Since 1996, A-1 Records on Sixth Street has attracted countless vinyl enthusiasts to its bins of hip-hop, jazz, soul, disco, and house music. On any given afternoon, disc diggers discuss what white-label 12-inches they’re going to DJ, tossing out obscure names that are foreign even to the other die-hards flipping through the stacks.
Ron Morelli, one of the four employees at A-1, has seen dramatic changes in the city’s electronic music scene during his ten years of spinning vinyl. The DJ, whose discovery of punk and hardcore started him on his journey into underground music and culture, started the DIY dance music label, Long Island Electrical Systems, in 2009 to showcase gritty, analog-based techno and house. He’s also used L.I.E.S. as a vehicle to release his own music (along with co-conspirators Jason Letkiewicz and Steve Summers) under the moniker Two Dogs In a House.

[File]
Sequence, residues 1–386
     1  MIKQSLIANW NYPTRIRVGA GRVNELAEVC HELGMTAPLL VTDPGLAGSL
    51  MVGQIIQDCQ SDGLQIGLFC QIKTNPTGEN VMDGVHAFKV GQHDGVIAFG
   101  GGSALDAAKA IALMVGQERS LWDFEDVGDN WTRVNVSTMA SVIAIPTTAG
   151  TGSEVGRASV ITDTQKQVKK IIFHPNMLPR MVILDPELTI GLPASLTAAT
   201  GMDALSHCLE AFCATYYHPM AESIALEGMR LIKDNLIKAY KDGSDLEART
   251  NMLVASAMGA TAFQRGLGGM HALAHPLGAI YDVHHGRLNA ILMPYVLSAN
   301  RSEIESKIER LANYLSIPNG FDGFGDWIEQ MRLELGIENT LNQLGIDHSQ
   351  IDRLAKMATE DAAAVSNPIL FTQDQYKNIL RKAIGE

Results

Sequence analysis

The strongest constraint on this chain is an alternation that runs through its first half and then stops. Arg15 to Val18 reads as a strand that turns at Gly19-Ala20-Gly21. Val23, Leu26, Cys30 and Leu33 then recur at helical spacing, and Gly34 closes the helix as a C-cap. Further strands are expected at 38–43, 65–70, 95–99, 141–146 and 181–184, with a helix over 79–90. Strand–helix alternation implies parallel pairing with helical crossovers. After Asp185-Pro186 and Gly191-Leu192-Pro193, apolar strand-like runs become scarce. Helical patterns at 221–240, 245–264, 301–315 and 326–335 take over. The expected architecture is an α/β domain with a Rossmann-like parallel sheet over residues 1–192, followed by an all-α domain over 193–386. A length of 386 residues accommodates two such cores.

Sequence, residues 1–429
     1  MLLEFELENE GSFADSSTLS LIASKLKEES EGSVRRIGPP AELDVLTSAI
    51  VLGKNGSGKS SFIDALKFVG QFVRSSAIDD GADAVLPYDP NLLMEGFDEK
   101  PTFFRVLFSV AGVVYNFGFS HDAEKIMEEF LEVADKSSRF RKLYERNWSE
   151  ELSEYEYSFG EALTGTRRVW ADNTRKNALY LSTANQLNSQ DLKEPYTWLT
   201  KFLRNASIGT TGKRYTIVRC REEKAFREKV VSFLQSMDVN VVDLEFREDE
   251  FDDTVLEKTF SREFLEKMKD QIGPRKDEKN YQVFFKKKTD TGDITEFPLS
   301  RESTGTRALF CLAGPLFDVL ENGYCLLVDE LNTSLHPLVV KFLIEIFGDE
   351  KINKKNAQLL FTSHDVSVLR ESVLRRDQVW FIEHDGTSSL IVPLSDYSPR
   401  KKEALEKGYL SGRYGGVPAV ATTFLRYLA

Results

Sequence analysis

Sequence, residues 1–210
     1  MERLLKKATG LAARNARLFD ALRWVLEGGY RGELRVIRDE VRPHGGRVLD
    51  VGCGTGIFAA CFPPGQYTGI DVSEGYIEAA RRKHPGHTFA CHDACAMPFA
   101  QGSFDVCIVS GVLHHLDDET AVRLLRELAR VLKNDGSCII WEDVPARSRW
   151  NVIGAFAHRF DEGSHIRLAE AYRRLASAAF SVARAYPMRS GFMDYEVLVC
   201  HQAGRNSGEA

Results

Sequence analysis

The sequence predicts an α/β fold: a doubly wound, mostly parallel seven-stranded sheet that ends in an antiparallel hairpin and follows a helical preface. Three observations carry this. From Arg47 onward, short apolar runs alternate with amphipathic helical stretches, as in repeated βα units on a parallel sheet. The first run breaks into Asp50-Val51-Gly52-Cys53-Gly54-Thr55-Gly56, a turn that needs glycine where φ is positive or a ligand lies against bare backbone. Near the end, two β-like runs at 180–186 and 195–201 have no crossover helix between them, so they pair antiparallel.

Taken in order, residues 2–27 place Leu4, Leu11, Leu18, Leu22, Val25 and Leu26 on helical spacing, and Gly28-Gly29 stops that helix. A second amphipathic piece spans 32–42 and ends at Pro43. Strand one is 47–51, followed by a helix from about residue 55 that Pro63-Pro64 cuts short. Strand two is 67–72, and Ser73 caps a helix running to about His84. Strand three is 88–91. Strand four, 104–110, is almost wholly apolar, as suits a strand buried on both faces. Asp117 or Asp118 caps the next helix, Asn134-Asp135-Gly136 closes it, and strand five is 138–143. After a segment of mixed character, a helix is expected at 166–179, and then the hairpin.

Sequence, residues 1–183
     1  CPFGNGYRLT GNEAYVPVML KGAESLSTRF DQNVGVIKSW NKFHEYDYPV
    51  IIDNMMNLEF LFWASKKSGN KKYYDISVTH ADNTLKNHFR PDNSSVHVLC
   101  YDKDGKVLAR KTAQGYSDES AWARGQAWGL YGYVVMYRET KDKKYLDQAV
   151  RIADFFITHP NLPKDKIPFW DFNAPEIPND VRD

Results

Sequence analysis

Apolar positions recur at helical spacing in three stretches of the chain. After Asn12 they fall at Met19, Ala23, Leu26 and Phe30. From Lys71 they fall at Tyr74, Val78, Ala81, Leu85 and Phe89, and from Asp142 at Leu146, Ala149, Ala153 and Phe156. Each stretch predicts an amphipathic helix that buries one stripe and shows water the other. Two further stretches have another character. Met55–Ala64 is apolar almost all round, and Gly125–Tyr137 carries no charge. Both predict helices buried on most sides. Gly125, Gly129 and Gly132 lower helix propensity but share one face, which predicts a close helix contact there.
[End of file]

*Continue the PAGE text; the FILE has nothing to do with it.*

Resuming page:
The small-run 12” records that Mr. Morelli releases (many of which feature hand-stamped track listings on the dust jacket) feel intimate: it’s clear they’ve been lovingly assembled by hand. Early releases by Steve Moore and Professor Genius started the buzz that has collectors rushing to buy the releases before they hitDiscogs for quadruple their initial price.
Despite the sold-out events Mr. Morelli DJs in New York and Brooklyn and the label’s success in Europe, there’s a low-key presence to L.I.E.S. Rather than a lavish release party, L.I.E.S. artist Professor Genius first spun his latest 12″,“Hassan,” at Heathers Bar on a Thursday night. Recently, Mr. Morelli shared his thoughts on the changing face of New York’s electronic music scene and the state of record stores.